Nevertheless, the investigations into the events of July 10, 1941 seemed to tear the stitches from a gaping national psychic wound that had never fully healed, and large portions of the Polish body politic winced with pain. Some 48 percent of respondents in an April 2001 opinion poll maintained that Poland should not apologize in any way for the events at Jedwabne, while a mere 7 percent held Poland to be solely responsible for the atrocities, and only 14 percent would accept combined German and Polish complicity. The newspaper Nasz Dziennik warned that the overall debate constituted “tampering with history” and a prelude to Poland being “pressured to pay the highest of reparation for lost Jewish property.” At the same time the Jedwabne debate was roiling Poland, the German Union of Expellees was proposing the establishment of a Berlin-based Center Against Expulsions that would document the experience of ethnic Germans evicted from Poland after the war, and Russian authorities were refusing to accept Polish demands for the recognition of the Katyń massacre of 1940. In this symbolic battle over history, waged along the same fronts as the Second World War, many in Poland were growing increasingly concerned that an undeniable historical truth was being forgotten: that the Rzeczpospolita had, in the words of Norman Davies, “in proportion to its size…incurred far more damage and casualties than any country on earth,” becoming “the killing-ground of Europe, the new Golgotha.” In 1965 the Conference of Polish Bishops famously proclaimed that “we forgive and ask for forgiveness,” but it was only a matter of time before the Polish government would launch a symbolic counter-offensive on the field of historical memory.
It was for this reason that the Polish Sejm had in 1998 passed the Act on the Institute of National Remembrance, which paved the way for investigations like that of Radosław Ignatiew while criminalizing the historical negationism of crimes committed against Poland or Poles by Nazis or Soviets (in the process implicitly, if not quite explicitly, criminalizing Holocaust denial). Twenty years later, amidst a wave of populist political sentiment, the Sejm revisited the Act and passed the now-infamous amendment to Article 55a intended “to eliminate public misattribution to the Polish Nation or the Polish State of responsibility or co-responsibility for Nazi crimes committed by the German Third Reich.” As the Polish Foreign Ministry explained in a January 27, 2018 communiqué, “the amended act provides for a penalty in precisely defined situations for the purpose of preventing intentional defamation of Poland. The final determination of a specific case will rest with the court. The provisions of the amended act do not limit freedom of research, discussions on history or artistic activity.” The language of the amendment is worth quoting in its entirety:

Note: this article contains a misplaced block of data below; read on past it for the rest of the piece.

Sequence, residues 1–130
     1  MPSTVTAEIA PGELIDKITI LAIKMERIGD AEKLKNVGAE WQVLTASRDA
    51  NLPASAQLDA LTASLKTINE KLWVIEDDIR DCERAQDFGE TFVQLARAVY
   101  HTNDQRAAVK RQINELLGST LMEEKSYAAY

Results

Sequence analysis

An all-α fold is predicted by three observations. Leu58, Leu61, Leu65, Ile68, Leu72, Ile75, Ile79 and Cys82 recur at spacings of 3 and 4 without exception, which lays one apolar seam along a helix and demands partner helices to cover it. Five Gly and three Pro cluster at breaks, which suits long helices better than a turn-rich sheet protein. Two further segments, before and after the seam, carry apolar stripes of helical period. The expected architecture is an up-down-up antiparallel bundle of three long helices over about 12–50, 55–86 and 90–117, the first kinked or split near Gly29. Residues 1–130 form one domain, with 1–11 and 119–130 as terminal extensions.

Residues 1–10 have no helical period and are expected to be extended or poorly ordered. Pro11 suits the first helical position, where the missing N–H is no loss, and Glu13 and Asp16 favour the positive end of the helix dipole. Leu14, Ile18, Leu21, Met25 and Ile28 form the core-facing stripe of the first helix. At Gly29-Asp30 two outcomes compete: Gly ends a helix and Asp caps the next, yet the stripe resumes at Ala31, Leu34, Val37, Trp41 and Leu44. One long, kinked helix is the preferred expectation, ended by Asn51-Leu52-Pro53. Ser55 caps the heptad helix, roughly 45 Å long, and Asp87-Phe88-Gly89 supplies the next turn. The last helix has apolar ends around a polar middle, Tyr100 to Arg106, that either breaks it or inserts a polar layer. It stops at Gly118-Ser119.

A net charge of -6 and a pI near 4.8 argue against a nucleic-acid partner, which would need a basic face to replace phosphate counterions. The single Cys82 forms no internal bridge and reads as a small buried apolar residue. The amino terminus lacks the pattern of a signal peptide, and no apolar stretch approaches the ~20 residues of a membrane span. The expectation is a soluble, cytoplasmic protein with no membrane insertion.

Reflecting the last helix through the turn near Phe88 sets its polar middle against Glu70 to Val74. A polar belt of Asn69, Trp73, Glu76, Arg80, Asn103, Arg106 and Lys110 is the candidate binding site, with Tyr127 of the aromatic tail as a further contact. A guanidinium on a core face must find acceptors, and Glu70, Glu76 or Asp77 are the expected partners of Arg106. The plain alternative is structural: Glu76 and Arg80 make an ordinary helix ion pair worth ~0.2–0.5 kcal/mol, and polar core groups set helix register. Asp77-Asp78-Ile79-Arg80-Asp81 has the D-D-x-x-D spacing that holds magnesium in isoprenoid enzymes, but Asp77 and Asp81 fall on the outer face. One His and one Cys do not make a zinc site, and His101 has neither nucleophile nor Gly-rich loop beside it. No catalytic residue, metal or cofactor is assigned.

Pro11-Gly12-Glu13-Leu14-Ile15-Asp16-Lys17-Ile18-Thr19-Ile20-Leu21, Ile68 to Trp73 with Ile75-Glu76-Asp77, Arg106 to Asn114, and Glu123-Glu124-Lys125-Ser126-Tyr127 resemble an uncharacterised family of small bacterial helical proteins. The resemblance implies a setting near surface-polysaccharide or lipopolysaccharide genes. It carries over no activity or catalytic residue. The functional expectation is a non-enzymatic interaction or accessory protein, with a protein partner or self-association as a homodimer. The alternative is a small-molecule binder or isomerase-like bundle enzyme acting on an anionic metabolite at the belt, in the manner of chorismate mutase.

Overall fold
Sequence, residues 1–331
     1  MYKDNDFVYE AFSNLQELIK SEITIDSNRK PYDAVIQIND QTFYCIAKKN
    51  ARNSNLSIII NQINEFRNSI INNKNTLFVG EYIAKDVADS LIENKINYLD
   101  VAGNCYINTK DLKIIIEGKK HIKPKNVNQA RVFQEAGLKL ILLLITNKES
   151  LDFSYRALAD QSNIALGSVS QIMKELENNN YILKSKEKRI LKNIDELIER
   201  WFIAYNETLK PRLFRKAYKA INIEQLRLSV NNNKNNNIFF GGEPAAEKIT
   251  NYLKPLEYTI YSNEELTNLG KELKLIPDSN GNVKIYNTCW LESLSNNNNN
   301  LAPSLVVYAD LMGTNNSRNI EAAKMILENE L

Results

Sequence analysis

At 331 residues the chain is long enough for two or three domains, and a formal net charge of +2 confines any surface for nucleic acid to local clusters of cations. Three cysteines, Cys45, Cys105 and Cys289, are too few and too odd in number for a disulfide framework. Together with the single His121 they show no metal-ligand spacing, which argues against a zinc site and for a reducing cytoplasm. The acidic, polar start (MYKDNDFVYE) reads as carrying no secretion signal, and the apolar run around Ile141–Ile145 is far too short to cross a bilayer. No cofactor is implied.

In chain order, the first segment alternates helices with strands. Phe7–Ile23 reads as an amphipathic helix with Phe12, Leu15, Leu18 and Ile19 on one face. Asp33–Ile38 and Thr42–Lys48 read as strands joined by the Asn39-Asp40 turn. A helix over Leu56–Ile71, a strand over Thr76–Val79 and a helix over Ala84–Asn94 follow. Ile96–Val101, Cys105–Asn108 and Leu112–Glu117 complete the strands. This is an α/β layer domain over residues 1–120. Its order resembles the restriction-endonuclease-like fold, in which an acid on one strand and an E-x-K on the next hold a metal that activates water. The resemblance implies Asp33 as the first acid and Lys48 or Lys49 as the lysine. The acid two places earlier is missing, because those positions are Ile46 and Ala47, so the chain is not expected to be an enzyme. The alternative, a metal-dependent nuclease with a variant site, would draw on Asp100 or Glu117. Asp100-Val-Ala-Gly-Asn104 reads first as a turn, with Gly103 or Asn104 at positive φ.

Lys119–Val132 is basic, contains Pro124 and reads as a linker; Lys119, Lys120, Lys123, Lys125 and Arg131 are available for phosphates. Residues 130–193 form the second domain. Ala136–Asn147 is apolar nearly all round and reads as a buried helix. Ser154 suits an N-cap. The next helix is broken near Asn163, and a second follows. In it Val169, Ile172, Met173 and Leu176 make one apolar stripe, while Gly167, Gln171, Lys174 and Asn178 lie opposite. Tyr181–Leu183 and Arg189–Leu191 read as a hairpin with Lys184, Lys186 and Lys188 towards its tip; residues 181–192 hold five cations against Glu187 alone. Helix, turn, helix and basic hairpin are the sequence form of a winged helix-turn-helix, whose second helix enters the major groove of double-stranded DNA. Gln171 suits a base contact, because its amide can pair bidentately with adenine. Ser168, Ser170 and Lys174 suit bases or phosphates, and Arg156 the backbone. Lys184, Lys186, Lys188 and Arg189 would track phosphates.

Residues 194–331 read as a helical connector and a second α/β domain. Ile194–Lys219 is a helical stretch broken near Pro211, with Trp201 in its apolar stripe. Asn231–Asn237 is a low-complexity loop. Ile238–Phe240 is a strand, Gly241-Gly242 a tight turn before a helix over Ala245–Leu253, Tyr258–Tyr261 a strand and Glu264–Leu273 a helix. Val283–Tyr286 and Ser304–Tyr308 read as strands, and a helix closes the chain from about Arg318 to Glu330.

1. [Anyone] who, in public and against the facts, ascribes to the Polish Nation or to the Polish State, responsibility or co-responsibility for Nazi crimes committed by the Third Reich, [as] defined in Article 6 of the Charter of the International Military Tribunal, Annex to the Agreement for the prosecution and punishment of the major war criminals of the European Axis, signed in London on August 8, 1945…, or for other offenses which are crimes against peace [or] humanity or [that are] war crimes, or who otherwise grossly reduces the responsibility of the actual perpetrators of said crimes, is subject to a fine or [to] imprisonment for up to 3 years. The judgment shall be made public.
2. If a perpetrator of the act referred to in paragraph 1 has acted unintentionally, [such person] shall be subject to a fine or community sentence.
3. No offense referred to in paragraphs 1 and 2 shall have been committed if the act was performed as part of artistic or scholarly activity.